PAgent’s Progress

Words Are My Favorite Toys

October 2nd, 2006

At the Ends of the Earth

This is a great little short by Russian animator Konstantin Bronzit. It was released in 1999, and received nearly 70 awards.

October 1st, 2006

I Love Eggs

It’s my very great pleasure to introduce you to your next earwig.

Courtesy of the Korean site, it’s the I Love Egg Song!!!

By clicking on the above hyperlink, Visitor agrees to hold PAgent harmless for any mental or emotional trauma experienced by Visitor, either as a direct result of viewing the ‘I Love Egg’ video, or as a result of having to watch the ‘I Love Egg’ video repeatedly due to the demands of one or more children.

The aforementioned trauma shall be considered to include, but shall not be limited to, nausea, vomiting, inability to get the ‘I Love Egg’ tune out of Visitor’s head, sudden intense craving for eggs, sudden loss of all desire for eggs, feelings of violence against chickens, and loss of enjoyment of anime.

I mean it.

September 30th, 2006


The woman who cooked for me when I was growing up was raised in Oklahoma. This by itself explains a great deal of how I turned out the way I did, but considering only one characteristic in particular it surely explains my love for cream gravy.

Cream gravy was a standard component of the cuisine of our household. We had it with pork chops and fried potatoes. We had sausage gravy poured over buttermilk biscuits. We had cream gravy with ground beef on bread for an economical dinner. And we had it with sliced dried salted beef on toast. It is not an accident that I love cream gravy. It is an embodiment of home and hearth. It is comfort food at its finest.

So when I was a young man, and realized that a large chunk of the population referred to creamed chipped beef on toast as “S.O.S.”, or “Shit on a Shingle”, I was shocked. I could rationalize that this was surely caused by the treatment of the dish by military commissaries, because industrial cooking can ruin anything, but still…S.O.S.? My beloved cream gravy? Compared to crap?

After all, I still crave it once in a while. My wife is very fond of sausage gravy, so on special occasions I’ll make biscuits and a tureen of sausage gravy for breakfast and we’ll indulge. But I rarely make creamed chipped beef.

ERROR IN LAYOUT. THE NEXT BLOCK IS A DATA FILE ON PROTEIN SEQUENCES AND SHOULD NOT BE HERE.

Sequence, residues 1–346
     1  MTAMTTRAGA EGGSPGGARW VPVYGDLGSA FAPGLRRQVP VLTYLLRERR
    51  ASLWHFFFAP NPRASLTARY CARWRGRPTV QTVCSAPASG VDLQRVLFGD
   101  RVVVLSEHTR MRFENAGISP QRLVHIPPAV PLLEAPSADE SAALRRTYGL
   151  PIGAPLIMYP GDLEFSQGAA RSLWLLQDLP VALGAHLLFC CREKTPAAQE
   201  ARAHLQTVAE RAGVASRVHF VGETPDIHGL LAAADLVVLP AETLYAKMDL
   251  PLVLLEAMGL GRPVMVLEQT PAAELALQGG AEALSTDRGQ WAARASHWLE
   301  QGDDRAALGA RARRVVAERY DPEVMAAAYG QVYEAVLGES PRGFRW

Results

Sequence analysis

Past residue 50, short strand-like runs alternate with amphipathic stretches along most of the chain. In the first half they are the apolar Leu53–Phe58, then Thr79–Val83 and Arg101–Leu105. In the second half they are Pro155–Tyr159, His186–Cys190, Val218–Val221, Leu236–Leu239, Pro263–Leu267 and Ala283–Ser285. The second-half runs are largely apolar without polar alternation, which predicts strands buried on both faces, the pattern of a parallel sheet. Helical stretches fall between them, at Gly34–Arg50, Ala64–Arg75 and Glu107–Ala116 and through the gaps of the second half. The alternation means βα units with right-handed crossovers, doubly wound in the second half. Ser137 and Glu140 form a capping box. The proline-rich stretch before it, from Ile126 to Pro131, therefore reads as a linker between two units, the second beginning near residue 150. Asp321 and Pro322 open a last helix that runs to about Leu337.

The October 2006 issue of Saveur magazine, my favorite cooking periodical, included a recipe for S.O.S. Seeing the recipe, and the full color picture of a plate of creamed chipped beef that went with it, I was struck with a craving I could not deny. I waited until my wife and daughter were going to be out of the house for dinner, and went shopping.

I purchased a jar of dried beef, a quart of 3.8% milk (I don’t care what anyone says - you CANNOT make decent gravy with skim milk), and a loaf of (gasp) white bread. It was from a local artisanal bakery, but it was still white bread. Mea Culpa.

The Saveur recipe is adapted from the 1945 Manual for Navy Cooks, and I cut the amount in half for my own use. It differs from the way Mom used to fix it, in that you stir a paste of flour and oil into hot milk, rather than starting with a roux. This gives it a lighter flavor, a whiter color, and (dare I say it) a more glue-like consistency. “Sticks to your ribs” is more than colorful hyperbole in this case.

While my son ate a hot dog, I prepared a saucepan full of creamy beefy goodness. When it was as thick as mud, I ladled it onto hot toast slices and tucked in.

Bliss. There’s nothing quite like the food of your childhood.

September 30th, 2006

An Open Letter from Crazy Biker Chick

Since I’ve been posting occasionally on my experiences as a cyclist trying to share the road with motorists, I’ve had some fascinating feedback from friends of mine. While my fellow cyclists nod wisely and confirm that they have had a similar experience with angry drivers, non-cyclists tend to look at me dubiously, convinced that I am exxagerating the amount of vitriol that gets directed my way.